Blog Directory CineVerse: The long shadow of Harvey Weinstein

The long shadow of Harvey Weinstein

Tuesday, April 5, 2022

Kitty Green’s The Assistant has been credited by some as the first feature-length fiction film that tackles the topic of Me Too and Time’s Up. It’s an unsettling portrayal of life in the trenches for one lowly underling working in the film production business and the extent to which women are subjugated and exploited in this industry. This movie got the full CineVerse treatment last week, which resulted in a lengthy discussion, the highlights of which are included below (to listen to a recording of our group conversation, click here).

What struck you as memorable, unexpected, impressive, or otherwise about The Assistant?

  • The ending is unresolved and abstruse. Perhaps we expected Jane to take the moral high road and quit, lodge more formal complaints about her boss in-house and to the authorities or the media, or get fired for doing so. Instead, the movie suggests a much more realistic conclusion: The assistant probably ignores the problem henceforth and benefits by moving up the corporate ladder. After all, this is what most workers and enablers do who are privy to unscrupulous acts by their superiors, and this is why many workplace predators get away with it.
  • To the film’s betterment or detriment, most of the scenes shown and events depicted are relatively mundane and unexciting as drivers of the plot. We follow one day in the life of an entry-level worker and witness the minutia and humdrum aspects of her job and the occasional small details that signify much bigger underlying conflicts.
    • Film critic Sheila O’Malley wrote: “So many films over-explain themselves, so many scripts make sure they lead us by the hand, so many films don't trust us as viewers. In Bombshell…Fox News commentator Megyn Kelly (Charlize Theron) looks right at the camera, telling us how things operated at the network. In the same film, Kate McKinnon's character also has a monologue, looping us into the modus operandi of that hermetically-sealed sick world. These monologues ‘catch us up.’ The Assistant doesn't go that route, and it is a far stronger film for it. Instead, we just hear the whispers, murmurs, snickers; we hear the tail-end of conversations and we put two and two together, just as Jane does. We know that an earring on the floor isn't enough to bring down a bad man. But we also know that Jane senses correctly. Something is very very wrong.”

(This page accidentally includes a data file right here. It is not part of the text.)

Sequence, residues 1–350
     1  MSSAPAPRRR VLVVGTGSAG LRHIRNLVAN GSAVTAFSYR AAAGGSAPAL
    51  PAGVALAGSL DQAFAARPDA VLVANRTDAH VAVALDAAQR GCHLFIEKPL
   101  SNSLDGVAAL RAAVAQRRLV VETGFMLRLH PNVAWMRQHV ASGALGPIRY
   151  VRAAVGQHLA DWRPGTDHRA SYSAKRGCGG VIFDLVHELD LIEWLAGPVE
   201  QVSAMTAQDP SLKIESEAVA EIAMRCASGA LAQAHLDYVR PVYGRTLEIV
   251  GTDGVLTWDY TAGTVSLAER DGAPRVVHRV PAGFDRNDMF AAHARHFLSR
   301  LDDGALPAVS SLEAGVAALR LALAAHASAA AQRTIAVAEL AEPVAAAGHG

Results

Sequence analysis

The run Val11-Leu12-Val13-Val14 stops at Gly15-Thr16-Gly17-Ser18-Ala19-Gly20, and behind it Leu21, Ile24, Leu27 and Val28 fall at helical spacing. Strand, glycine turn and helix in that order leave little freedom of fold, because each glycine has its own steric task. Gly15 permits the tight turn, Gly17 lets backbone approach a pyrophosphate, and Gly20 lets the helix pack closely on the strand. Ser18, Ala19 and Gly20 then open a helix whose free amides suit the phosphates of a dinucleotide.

• Interestingly, we are never shown the boss in full, or his face, or given his name. This allows us to use our imaginations and project any face and name we choose upon the character. We can deduce that he is a Harvey Weinstein-like figure who is physically unhealthy (a diabetic who needs insulin), tyrannical, and terrifyingly powerful. Before making this film, director Kitty Green carefully interviewed people about the work culture at Miramax, Weinstein’s film production company; the office and the boss are modeled on Miramax.
  • There is very little musical accompaniment. Occasionally, a quiet score will surface to underscore the emotional conflict felt by Jane and us.

Major themes

  • The moral imperative to seek justice for a suspected wrongdoing or crime. Jane strongly suspects that her boss coerces young women to engage in sexual activity in exchange for favors, hirings, and other perks. Her option of immediate recourse is to bring the matter to the attention of human resources, but she quickly learns that they are in the predator’s corner, and she will be punished or fired for lodging a formal complaint.
  • Evil is allowed to persist when good people do nothing. This is primarily a film about the culpability and complicity of enablers who turn a blind eye to higher executives and employers' predatory and manipulative behaviors. At this film production company, Jane may be at the bottom of the hierarchical totem pole, but she feels an obligation to speak up about perceived sexual impropriety. However, she backs off from her complaint when she realizes the price she will have to pay for pursuing justice: being fired and likely blackballed from the film industry.
  • The challenges of being an entry-level worker and a woman in a male-dominated business. The Assistant goes to great length to show us, with even the minutest of details, how soul-sucking, demeaning, and demanding her job is. She’s the first one in and the last one out, often performing duties beyond her pay scale and skill set, such as serving as a housekeeper, interfacing between the boss and his angry wife, and functioning as foul play fixer and arranger.
  • The degree to which you are willing to compromise your principles, integrity, and ethics for career advancement. By the end of the picture, Jane has apparently decided to suck it up and remain silent and continue to work for a despicable boss and a shady company where everyone else is also aware of the dirty deeds being committed by the man in charge. She will likely suffer innumerable indignities, belittlements, beratement, and crises of conscience under his command but probably will eventually become the producer she aspires to be while never being sexually victimized by the boss.
  • Toxic masculinity and unhealthy corporate culture.

Similar works

  • Bombshell
  • Never Rarely Sometimes Always
  • On the Record
  • The Reckoning: Hollywood's Worst Kept Secret
  • Untouchable
  • Oleanna

Other films by Kitty Green

  • Ukraine is Not a Brothel
  • Casting Jon Binet

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